How More Content Leads to Better Content

NBC’s Jeffrey Zucker is being attacked for his now-obvious misstep in moving Jay Leno to the 10 PM slot.  Leno has not done well in the slot, and NBC affiliates are screaming bloody murder that their lead-in to their 11 PM news slot (the most profitable broadcast of the day for most affiliates) has been decimated.

So, Zucker is pulling the plug, and the whole grand experiment of a chat show in primetime will come to an end.

But, while this experiment may have gone awry, it doesn’t mean that the long-term trends have changed.

Television has an impending advertising crisis. Cable has two revenue streams – subscription fees (each channel gets a part of your cable bill every month), and advertising. The networks only have one revenue stream – advertising. Historically, the cost of advertising was based on the popularity of the show, but it’s very difficult to determine the popularity now that DVRs have crossed 30% penetration, people watch shows on Hulu, and DVDs make it easy to avoid the actual broadcast altogether.

In this state of flux, it’s very tough to predict the value of each advertising spot, and that value is starting to erode.

In this context, NBC considered what would be a draw for near-live television.  Was there a compelling reason to tune in to a daily show vs. a pre-recorded program? The answer appeared to be “yes” – shows like the Oscars, Grammys, and sporting events continue to perform well because the TV brings a real-time event into your home. So, from that standpoint, it was a worthy experiment. Maybe 5 hours per week of primetime chat shows was too much, but on its face, it had the potential to pay off.

The problem was that the new Leno show wasn’t very good. And, people didn’t want to watch it. So, we’re going back to the way things were.

But, cheaply-produced content will continue to proliferate. We see a lot of it with cheap reality shows like The Bachelor and Jersey Shore, and also with millions of cats playing with balls of string on YouTube (not to mention Likeness quizzes on Facebook!). As more people have access to content creation technology, and content creation literacy increases, the amount of stuff to waste time with will only increase.

However, this is not a race to the bottom. Because, counter intuitively, the sheer quantity of crap content creates a yearning for high quality, highly produced content. We have increased our ability to consume content so dramatically, that we have a much higher capacity for the good stuff.

There are many, many more quality dramas on television than ever before – The Sopranos, Dexter, Breaking Bad, Man Men, The Wire, Deadwood, Battlestar Galactica, The Riches, and Damages just to name a few. Look back at programming 10 or 20 years ago, and try to find even half the level of quality shows, and you will see how radically the television landscape has changed.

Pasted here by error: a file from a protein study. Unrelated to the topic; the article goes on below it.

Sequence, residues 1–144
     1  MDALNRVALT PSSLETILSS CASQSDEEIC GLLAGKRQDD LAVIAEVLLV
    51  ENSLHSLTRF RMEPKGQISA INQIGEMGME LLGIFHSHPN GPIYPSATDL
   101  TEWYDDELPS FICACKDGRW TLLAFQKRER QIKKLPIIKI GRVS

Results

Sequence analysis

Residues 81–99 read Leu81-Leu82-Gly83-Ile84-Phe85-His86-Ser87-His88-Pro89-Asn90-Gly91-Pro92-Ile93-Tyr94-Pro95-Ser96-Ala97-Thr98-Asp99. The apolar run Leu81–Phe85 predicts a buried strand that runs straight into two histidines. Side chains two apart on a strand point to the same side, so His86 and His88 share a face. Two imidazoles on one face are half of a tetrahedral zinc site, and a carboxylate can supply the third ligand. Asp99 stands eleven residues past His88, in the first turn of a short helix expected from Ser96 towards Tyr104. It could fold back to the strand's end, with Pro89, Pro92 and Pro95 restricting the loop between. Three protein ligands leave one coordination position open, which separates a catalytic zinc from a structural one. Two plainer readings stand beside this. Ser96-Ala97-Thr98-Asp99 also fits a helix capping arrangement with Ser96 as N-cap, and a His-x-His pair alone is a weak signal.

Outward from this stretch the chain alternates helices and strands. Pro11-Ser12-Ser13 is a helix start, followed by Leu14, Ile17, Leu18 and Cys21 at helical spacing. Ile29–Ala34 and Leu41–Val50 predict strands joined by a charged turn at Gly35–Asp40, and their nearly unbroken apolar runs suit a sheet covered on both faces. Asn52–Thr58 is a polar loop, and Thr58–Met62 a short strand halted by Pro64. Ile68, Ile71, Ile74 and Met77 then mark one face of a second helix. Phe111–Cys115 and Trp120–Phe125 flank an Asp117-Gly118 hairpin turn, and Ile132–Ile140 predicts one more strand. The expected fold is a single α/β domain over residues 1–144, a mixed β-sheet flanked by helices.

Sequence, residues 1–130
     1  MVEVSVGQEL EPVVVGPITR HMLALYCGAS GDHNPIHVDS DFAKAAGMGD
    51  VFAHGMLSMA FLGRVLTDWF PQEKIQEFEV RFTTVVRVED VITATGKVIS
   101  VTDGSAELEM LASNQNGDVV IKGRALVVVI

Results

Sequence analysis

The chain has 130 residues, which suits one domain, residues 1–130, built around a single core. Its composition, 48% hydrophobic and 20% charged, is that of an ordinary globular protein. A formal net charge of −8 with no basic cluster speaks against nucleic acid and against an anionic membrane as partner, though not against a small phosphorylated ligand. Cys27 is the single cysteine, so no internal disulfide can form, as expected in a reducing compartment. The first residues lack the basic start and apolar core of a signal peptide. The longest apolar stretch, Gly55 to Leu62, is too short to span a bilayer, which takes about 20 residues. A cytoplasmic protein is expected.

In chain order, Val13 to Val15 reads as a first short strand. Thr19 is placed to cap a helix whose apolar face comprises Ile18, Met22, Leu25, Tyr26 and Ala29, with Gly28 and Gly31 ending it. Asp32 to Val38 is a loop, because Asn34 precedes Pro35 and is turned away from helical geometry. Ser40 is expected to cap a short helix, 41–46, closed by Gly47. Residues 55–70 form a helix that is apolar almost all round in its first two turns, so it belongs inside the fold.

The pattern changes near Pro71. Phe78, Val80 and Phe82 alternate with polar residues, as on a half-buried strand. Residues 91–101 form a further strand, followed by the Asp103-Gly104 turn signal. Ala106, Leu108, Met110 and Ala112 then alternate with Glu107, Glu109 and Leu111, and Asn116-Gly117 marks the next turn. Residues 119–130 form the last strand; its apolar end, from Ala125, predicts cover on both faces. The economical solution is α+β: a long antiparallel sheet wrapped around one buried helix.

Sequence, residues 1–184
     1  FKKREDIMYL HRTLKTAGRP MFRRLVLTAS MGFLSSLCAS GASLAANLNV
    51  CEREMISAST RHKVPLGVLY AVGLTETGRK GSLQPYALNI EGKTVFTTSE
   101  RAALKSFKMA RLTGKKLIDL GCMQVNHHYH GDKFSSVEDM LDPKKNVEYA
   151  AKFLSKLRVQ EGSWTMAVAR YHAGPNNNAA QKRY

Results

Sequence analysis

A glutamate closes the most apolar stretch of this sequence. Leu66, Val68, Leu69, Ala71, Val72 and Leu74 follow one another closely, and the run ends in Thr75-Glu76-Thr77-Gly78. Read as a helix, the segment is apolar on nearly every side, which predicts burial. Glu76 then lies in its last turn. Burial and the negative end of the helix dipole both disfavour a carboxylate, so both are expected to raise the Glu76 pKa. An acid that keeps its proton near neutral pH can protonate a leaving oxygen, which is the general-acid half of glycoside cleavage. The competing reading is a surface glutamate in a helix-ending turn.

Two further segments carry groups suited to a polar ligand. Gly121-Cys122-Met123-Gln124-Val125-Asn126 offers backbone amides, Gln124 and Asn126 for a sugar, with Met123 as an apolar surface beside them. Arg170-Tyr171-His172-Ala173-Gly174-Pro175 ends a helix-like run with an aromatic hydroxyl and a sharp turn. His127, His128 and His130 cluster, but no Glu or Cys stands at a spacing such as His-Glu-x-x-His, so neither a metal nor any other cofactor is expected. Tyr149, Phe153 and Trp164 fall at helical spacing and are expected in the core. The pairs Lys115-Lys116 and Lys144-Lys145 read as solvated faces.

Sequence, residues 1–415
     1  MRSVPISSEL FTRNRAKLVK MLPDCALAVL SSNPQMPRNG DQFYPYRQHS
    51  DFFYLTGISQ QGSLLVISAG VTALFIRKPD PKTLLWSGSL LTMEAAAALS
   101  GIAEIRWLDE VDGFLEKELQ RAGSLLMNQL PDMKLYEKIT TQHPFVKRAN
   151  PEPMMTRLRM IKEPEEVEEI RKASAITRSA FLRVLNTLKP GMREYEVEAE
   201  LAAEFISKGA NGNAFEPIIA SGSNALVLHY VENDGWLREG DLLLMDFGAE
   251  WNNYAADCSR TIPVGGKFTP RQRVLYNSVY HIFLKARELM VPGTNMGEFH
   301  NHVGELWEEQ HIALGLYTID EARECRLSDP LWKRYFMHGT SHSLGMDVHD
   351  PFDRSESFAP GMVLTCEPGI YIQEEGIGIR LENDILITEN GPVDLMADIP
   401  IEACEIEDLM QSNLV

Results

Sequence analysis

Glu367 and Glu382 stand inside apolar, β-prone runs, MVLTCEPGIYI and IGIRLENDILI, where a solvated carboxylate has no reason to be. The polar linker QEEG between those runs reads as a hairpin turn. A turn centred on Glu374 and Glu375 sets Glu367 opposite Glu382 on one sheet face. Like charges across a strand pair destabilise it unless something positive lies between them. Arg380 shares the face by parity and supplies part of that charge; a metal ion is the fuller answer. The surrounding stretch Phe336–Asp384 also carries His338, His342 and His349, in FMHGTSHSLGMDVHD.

The rise of reality television and live events causes a backlash in search of quality, therefore the appetite for quality consumption increases along with the entire content universe. The good stuff will always be a tiny percentage of the total, but both grow together.

So, bring on The Real Housewives of Orange County. I celebrate each time TV sinks lower – because I know that it will spur the industry to greater heights.

One Reply to “How More Content Leads to Better Content”

  1. I agree with you – and I would like to add two things. One, broadcast networks, led by Fox, are also increasingly negotiating fees from cable subscribers – this will possibly be the biggest factor that will allow for the continued production of “quality” television. Cable programming gets an increasing amount of attention, but the majority of production dollars, development time, and hours available for original content are all in the broadcast arena.
    Two, the cable model has allowed for the creation of some amazing stuff, but a threat on the horizon is the “a la carte” model. It's good for the consumer to have choice, and being able to choose which cable channels you want to subscribe to and pay for is fantastic. But it necessarily means that a lot of cable options will disappear, because they won't have the subscriber support necessary for a healthy bottomline.

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